This is the second book review on my blog. You can read the first one here. By now, you must have realized that I do not write book reviews regularly and there is hardly any professionalism involved in my writing. This is only for one reason. I do not read many books.

Also, of the few books that I read, there are fewer that I genuinely feel like discussing about. Only when a book succeeds in giving me goosebumps multiple times (or at least once), do I think of writing its review. And "Sita" is one such book.

Anyway, let's move from my story to that of Ram's Sita or Sita's Ram.

When I started reading the book, it was typically Devdutt talking, beginning with a prologue and setting a mood where one of the characters enters into a situation where he is made to narrate the entire tale. In Jaya, it was Vaisampayana and in Sita, it is none other than Hanuman.

The book begins with the story of Sita's birth in the kingdom of Janak. Tales of other characters of the epic like Shanta (Ram's sister), Parshuram and others appear at relevant points adding data and interest to the main tale. However, Sita is quite a bit different from other retellings of Ramayana because here the epicenter is not Ram but Sita.

The life of Sita has been captured in different phases - the lessons in vedas and upanishads with the sages in the court of Janaka, the forests of adjoining cities where Ram and Lakshman were trained by Vishwamitra, the discussions of Sita with her mom-in-laws and sis-in-laws after she gets married to Ram, Sita's life in forest during Ram's exile, her plight in the palace of Ravana marked by her hopes that her husband will come to her rescue, her stay in Ayodhya after she returned from exile and the exile that later came for her as a result of the rumors among the citizens.

For details, kindly read the book. This post is to tell you why you should read it.

In the first place, why I feel this book is different from any other retelling of Ramayana is that Pattanaik has certainly not written this book from a commercial point of view. By this I do not mean that it hasn't been marketed well or is not reader-friendly. It definitely is. Why I say this is that making money through this book was certainly not his objective.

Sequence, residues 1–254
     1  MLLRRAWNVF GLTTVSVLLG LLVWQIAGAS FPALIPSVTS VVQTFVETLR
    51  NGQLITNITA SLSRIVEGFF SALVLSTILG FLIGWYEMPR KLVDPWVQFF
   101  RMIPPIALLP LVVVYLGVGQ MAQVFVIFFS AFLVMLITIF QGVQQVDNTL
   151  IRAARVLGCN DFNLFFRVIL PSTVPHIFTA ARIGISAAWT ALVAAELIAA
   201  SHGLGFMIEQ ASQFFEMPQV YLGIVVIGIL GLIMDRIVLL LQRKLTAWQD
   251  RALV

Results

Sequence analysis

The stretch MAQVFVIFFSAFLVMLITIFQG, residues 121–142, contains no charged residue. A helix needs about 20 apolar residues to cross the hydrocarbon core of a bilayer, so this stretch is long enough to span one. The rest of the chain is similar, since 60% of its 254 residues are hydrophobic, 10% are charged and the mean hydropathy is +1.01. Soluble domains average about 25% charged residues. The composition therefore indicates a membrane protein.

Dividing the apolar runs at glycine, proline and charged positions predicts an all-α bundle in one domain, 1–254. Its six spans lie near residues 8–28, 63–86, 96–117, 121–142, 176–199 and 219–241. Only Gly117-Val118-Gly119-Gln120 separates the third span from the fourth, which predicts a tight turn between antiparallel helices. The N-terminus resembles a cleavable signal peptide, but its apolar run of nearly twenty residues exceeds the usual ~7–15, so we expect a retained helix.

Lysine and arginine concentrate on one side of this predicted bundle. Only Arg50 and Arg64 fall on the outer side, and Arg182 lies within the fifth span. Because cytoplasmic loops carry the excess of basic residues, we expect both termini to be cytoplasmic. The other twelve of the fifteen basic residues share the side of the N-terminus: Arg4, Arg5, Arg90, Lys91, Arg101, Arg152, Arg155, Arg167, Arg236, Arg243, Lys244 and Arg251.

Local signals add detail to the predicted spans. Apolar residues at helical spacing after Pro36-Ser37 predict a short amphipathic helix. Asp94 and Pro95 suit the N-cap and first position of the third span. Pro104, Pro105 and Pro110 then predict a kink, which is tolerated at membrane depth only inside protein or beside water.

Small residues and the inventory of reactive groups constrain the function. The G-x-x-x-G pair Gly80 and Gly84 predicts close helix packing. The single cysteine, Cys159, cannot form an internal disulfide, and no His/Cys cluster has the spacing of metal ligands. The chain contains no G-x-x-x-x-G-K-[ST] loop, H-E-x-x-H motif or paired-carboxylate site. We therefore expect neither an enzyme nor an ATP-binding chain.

If you have followed Pattanaik's books and articles before, you will realize how passionate he is about certain ideas and how strongly he believes in making the world aware of them. His ideas about beliefs (subjective reality in his words), becoming empathetic, expanding the mind and his notion of Dharma have always made me more inquisitive about the wisdom in our epics making me read and re-read them. When you read Sita, you realize that he is not just trying to generate cash by retelling an epic in his narrative style; he is actually trying to bring forth his ideas and wisdom through the medium of this epic. The conversations between the different characters in the epic are so well crafted and insightful that while they narrate the story of the epic, they also provoke you to think like never before. After almost every paragraph you will be motivated to pause and think, then think a little more and then introspect heavily on your own life, behavior and personality.

And Devdutt does not do it in the conventional manner by focusing the tale on Ram, rather his epicenter is Sita. Indian audience, who has for long seen the devoted Sita as a victim of patriarchy will be amazed to see how she was the Goddess in her own right, a confident and self-dependent woman who even when abandoned by her husband and his subjects led her life with self-respect. One realizes that on abandoning Sita, Ram faces a more difficult time in the palace than Sita faces in the forest.

Note: I challenge you to read the chapter on Sita's second exile where just before leaving for the forest she explains the palace staff on how to take care of her Ram when she's gone. If you have a blood-pumping organ in your body, you'll be overwhelmed and not getting lachrymal would just be impossible.